Federal mortgage loan subsidies of up to $5,000 may be available this spring for buyers of new or substantially rehabilitated houses with solar heating features. But the impact may be limited because the $125 million authorized by Congress last year for the program must also cover loans for energy conservation improvements.
Passive solar design relies on architectural features of a house to collect, store and distribute the sun's energy. So-called active solar heating uses some other form of energy to pump water through a solar collector and distribute heat to a house. Federal policy for encouraging solar use in houses had been aimed at active systems but lately has turned toward the less expensive and more easily designed passive systems.
Solar experts attending the convention here last weekend of the National Association of Home Builders said they hoped loans made through the Solar Bank being set up in the Department of Housing and Urban Development would spur interest among builders. Department of Energy officials and others here said that including passive solar designs in a house is not difficult and can make houses more attractive to potential buyers interested in energy saving.
Once the loan program is in operation this spring, builders can reserve up to 20 commitments from local lending institutions in any one county; individual buyers will also apply to local lenders.
The loan subsidies can be used for reduction in the principle or the interest of a loan on a passive solar house. To qualify, a house must have:
A solar collection area: Transparent glass or plastic facing within 30 degrees of south to admit direct sun rays.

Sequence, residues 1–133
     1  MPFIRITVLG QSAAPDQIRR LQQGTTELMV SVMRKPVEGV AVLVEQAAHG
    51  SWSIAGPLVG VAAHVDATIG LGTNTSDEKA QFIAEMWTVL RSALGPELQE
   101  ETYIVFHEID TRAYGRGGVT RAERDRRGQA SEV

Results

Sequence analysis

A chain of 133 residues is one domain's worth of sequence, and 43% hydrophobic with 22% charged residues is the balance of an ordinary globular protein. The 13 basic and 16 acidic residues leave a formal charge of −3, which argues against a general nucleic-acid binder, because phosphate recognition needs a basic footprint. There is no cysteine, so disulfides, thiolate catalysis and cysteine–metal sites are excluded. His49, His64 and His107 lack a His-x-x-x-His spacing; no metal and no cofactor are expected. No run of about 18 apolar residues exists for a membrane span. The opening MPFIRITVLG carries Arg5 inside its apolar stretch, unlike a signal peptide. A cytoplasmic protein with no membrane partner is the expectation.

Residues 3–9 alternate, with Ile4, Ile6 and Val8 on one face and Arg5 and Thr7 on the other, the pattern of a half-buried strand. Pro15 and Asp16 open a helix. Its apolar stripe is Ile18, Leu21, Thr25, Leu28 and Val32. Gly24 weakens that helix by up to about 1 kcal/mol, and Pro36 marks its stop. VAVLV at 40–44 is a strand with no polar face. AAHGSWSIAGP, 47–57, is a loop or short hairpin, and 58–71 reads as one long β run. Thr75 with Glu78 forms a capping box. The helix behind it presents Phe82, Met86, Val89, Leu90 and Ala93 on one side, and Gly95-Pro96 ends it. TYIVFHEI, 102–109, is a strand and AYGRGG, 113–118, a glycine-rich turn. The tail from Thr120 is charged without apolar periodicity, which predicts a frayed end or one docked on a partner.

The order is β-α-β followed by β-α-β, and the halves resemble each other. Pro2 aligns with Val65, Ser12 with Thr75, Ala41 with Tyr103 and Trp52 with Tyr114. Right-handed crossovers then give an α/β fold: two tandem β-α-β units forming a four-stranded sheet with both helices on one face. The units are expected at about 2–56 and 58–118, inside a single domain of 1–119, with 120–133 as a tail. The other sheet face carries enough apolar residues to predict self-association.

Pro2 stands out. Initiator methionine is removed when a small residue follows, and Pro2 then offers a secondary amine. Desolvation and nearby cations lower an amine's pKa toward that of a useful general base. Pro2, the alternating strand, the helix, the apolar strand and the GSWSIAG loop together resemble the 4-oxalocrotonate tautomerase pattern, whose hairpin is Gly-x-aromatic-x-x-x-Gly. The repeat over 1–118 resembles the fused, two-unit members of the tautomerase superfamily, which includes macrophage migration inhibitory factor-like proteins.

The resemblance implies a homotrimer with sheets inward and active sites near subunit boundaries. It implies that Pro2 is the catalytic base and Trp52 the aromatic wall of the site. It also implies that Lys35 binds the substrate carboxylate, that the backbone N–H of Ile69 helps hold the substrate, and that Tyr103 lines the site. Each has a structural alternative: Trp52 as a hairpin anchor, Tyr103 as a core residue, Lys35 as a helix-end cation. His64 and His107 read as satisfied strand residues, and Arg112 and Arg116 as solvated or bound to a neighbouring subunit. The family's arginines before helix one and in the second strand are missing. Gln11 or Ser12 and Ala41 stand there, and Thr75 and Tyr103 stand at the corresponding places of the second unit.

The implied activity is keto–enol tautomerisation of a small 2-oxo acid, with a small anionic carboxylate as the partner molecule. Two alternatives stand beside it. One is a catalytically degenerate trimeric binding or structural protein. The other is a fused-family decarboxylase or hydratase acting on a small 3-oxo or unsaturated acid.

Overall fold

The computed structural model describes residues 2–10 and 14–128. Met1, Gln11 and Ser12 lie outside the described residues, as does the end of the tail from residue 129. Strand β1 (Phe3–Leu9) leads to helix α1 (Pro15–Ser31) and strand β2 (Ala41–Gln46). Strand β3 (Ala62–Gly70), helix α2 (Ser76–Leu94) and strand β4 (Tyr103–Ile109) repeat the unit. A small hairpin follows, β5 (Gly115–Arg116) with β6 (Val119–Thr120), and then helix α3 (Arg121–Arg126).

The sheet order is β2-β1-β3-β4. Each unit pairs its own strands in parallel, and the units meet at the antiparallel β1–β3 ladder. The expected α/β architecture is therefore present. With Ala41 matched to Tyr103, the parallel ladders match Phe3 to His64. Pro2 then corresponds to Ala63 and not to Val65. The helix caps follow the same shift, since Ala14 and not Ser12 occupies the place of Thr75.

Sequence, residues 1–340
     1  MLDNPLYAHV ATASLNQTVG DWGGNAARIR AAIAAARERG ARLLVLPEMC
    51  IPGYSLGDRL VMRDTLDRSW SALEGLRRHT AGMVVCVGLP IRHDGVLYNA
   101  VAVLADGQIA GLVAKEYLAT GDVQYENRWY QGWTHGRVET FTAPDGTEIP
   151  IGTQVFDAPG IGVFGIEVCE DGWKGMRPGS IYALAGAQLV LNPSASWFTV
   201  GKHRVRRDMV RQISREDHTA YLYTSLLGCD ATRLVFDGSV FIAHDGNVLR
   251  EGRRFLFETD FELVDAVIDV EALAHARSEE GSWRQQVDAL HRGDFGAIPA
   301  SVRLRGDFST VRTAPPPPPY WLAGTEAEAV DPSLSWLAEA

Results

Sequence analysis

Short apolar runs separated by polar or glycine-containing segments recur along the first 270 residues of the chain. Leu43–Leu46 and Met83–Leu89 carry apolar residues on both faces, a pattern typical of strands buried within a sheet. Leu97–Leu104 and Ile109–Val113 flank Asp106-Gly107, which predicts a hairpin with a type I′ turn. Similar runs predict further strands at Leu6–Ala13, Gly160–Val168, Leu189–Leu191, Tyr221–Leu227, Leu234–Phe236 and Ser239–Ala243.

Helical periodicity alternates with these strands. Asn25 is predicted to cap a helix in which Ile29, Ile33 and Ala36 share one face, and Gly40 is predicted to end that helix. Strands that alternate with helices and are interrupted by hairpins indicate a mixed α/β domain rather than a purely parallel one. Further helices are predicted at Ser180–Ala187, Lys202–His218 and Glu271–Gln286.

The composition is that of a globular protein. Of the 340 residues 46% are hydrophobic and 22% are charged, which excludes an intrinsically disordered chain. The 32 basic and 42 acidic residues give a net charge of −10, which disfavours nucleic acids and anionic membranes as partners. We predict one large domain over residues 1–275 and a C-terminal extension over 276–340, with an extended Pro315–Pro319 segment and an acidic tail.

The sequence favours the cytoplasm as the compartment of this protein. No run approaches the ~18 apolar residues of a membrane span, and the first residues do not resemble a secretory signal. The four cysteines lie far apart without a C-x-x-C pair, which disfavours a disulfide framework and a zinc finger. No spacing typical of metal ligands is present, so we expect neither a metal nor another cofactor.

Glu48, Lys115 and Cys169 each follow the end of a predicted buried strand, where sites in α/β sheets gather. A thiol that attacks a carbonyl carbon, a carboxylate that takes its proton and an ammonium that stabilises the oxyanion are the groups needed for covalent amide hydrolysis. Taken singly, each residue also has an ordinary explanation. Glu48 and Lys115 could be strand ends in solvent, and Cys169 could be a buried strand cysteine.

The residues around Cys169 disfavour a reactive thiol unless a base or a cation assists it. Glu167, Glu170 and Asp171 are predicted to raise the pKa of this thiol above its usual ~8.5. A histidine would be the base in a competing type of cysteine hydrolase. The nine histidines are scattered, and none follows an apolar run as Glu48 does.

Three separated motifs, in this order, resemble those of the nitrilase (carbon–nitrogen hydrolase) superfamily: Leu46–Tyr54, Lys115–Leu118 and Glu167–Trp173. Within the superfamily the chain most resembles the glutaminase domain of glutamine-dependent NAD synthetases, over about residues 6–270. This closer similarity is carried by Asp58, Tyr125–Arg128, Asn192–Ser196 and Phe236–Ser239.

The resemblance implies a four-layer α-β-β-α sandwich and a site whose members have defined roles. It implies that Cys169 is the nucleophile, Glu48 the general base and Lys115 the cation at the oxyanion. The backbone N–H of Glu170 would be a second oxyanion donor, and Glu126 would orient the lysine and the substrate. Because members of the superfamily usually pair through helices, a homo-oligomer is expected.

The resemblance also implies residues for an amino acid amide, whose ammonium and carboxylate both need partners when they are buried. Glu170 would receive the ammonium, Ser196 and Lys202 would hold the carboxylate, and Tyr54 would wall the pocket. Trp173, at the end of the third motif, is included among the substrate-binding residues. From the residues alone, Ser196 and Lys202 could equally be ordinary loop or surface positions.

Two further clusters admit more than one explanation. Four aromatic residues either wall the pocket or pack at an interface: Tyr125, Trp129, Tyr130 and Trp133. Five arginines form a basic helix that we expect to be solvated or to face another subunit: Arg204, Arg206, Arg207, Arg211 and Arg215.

A absorber: A hard, generally dark surface directly exposed to the winter sun that receives solar radiation and converts it to heat.
A "storage mass" for heat: Concrete floor slabs and walls, masonry walls, ceramic tile floors and water tanks are often used, HUD says.
Heat distribution method: Direct radiation, convection of air currents and low-power fans are described as common methods.
Heat regulation controls: Overhangs, awnings, insulated shutters and similar methods.
Subsidy amounts will depend on the size and effectiveness of the entire system. HUD officials say they expect most loans during the fist year to go to new single-family houses with passive solar systems.
Currently more than 20 states have tax credits or subsidies for passive solar houses. The builders association hopes that members can turn to solar remodeling projects, among other rehabilitation work, to tide them over the current housing slump, which has driven many builders out of the new-home market.
Robert San Martin, deputy assistant secretary at DOE for solar and conservation programs, said 30,000 to 40,000 homes in this country currently have passive solar elements. He said that number is expected to double this year.